– 3.6-14: The second rebuttal points to scripture and makes several points in rapid succession: first, that Paul’s gospel (God would justify the Gentiles by faith, i.e., outside the law) was predicated long ago in scripture; second, that the key figure is Abraham, who was declared righteous by God “from faith/faithfulness” (Gn 15,6) and given the promise that through him all the Gentiles would be blessed (Gn 12.3); third, that this promise has now been fulfilled in Christ Jesus (3.14); and forth, that the blessing means – here Paul drops his rhetorical bomb – the release of Gentiles from the curse of the law – “For all who rely on works of the law are under a curse” (3.10; again quoting the scripture, this time by Deuteronomy 27.26 – “Cursed is everyone who does not abide by all of the things written in the book of the law, and do them”). …there is no argument here that the law is by nature unfulfillable and or that is a curse for Israel. At every point, Paul has in mind not Jews but Gentiles. … Without in any sense denying the righteousness of God expressed in Torah for Israel. “In Galatians the polemic has to do with the entry of Gentiles into the people of God.” Verse 7 must be read in the light of verse 8. No other reading makes sense of the text.

– 3.15-18: The rebuttal moves next to a legal example, building on the previous passage in which Gentiles are represented as legal heirs of the promise to Abraham. No one can annul or modify a will once it has been ratified. …Once again, the contrast is between law and promise. Once again, the traditional view holds that Paul thereby annuls the law for Israel. But unless he has changed audience (Gentiles) and vocabulary (The promise to Abraham concerns Gentiles), the statement in 3.18 concerns only the law and Gentiles.

– 3.19-20: Paul needs to explain why the law was never the intended path for Gentiles and how he can make the outrageous claim (v.10) that “all who rely on works of the law are under a curse”. His answer are consistent throughout. First, the law was added – to Gentiles – because of their transgressions. The giving of the law to Israel through angels (3.19) has no precedent anywhere in Jewish sources, whereas the double notion of angelic mediation of the law to Gentiles and of the law as negative for them is not uncommon. The traditional view, according to which the law was added to Israel because of her transgressions, is a later Christian invention, part of the consistent anti-Judaism developed in the second century and beyond. There is no “radically un-Jewish position with regard to the Torah” and no “negative evaluation of the mediator Moses.” Such a view is possible only if we ignore everything he has said before and everything that comes after; only if Paul himself has forgotten the Gentiles and suddenly, without hint or warning, turned to the Jews.

– 4.1-11: In this rebuttal, Paul picks up several threads from the preceding sections – the lowly status of minors, even though they are heirs to the state; the law; slavery; and sonship. The human subjects, the “we” (v. 3) and the “you” (v. 8f) must – still- be Gentiles. not only is there no reason to suppose that Paul has changed audience, but the descriptions of the circumstances of the Galatians before Christ can only apply to Gentiles.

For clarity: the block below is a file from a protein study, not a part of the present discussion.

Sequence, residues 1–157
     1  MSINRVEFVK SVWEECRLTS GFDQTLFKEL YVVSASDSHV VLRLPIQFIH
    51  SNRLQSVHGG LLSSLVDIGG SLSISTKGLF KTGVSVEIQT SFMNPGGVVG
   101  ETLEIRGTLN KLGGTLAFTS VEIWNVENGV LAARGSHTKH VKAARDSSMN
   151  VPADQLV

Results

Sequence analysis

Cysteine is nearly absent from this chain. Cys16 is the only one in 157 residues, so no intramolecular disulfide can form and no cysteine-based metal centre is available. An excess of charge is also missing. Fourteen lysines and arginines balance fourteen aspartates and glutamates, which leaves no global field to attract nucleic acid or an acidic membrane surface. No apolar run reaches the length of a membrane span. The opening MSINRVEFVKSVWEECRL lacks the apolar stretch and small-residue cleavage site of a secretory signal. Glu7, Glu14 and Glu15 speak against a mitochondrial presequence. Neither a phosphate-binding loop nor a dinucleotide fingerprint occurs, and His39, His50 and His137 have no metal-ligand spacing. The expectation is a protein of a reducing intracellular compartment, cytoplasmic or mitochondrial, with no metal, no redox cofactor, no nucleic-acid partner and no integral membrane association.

– 4.21-5.1: after a personal appeal to his authority and correct behavior among the Galatians, Paul returns to those “under the law”. In 4.9 he expressed his dismay that his converts were returning to their former ways. 4.21(“Tell me, you who desire to be under the law, do you not hear the law?”) must carry the same weignt – they are reverting to their former status under the law. What that status means has the subject of the preceding rebuttals – curse, sin, slavery, ignorance of God, and worship of false deities. But Paul tries one more rebuttal, this time contrasting the law and freedom. As promised, he will use the law (his reading of it) against the law (their reading). Thus, he sets out to interpret the story (Gn 16 and 21) of Abraham’s two sons.

The entire passage has served as a favorite proof-text for advocates of the rejection-replacement view of Judaism, from ancient Christian commentators to the present.

The Targum of pseudo-Jonathan show us an expanded translation to Genesis, portrays Ishmael as lording it over his brother Isaac:

Ishmael said:”It is right for me to be the heir of my father, since I am his first-born son.” But Isaac said: “It is right for me to be the heir of my father, since I am the son of Sarah his wife, but you are the son of Hagar, the servant of my mother.” Ishmael answered: “I am more righteous then you because I was circumcised when thirteen years old.” (Gn. 17,25).

In this instance, the Targum explains Paul’s emphasis on persecution, the choice of Isaac over Ishmael, and the relevance of circumcision. If the troublemakers in Galatia were themselves Gentiles – though this is by no means certain – and were boasting of their recent circumcision as adults, “Paul must have immediately thought of Ishmael when he heard of them.” In other words, the children of slavery, those persecuting (v.29) the children of the Spirit, are not Israel but the troublemakers opposed to Paul. And his advice to the Galatians is clear: “Cast out the slave and her son”. (Gn 21.10), that is, “expel the agitators and their “children,” those who have adopted their views and yielded to their demand for circumcision.”

In his final rebuttal, Paul returns to the main issue – circumcision and its negative implications for his converts. “I testify again to every man who receives circumcision that he is obligated to keep the whole law.” (5,3). Paul based his sentence in a Rabbinic formula: “A proselyte who accepts all commandments of the Torah except for one is not accepted (Jerusalem Talmud, Demai 2.5; Babylonian Talmud , Bekhoroth 30b; Sifra, Qedoshim 8.3 and other places).”


Franz Mussner, Traktat Über die Juden (Munich, 1979).

  1. P. Sanders, Paul, the law, and the Jewish People (Philadelphia, 1983).

Lloyd Gaston, Paul and the Torah (Vancouver, 1987).

James D. G. Dunn, The New Perspective on Paul and the Law (Peabody, 1991).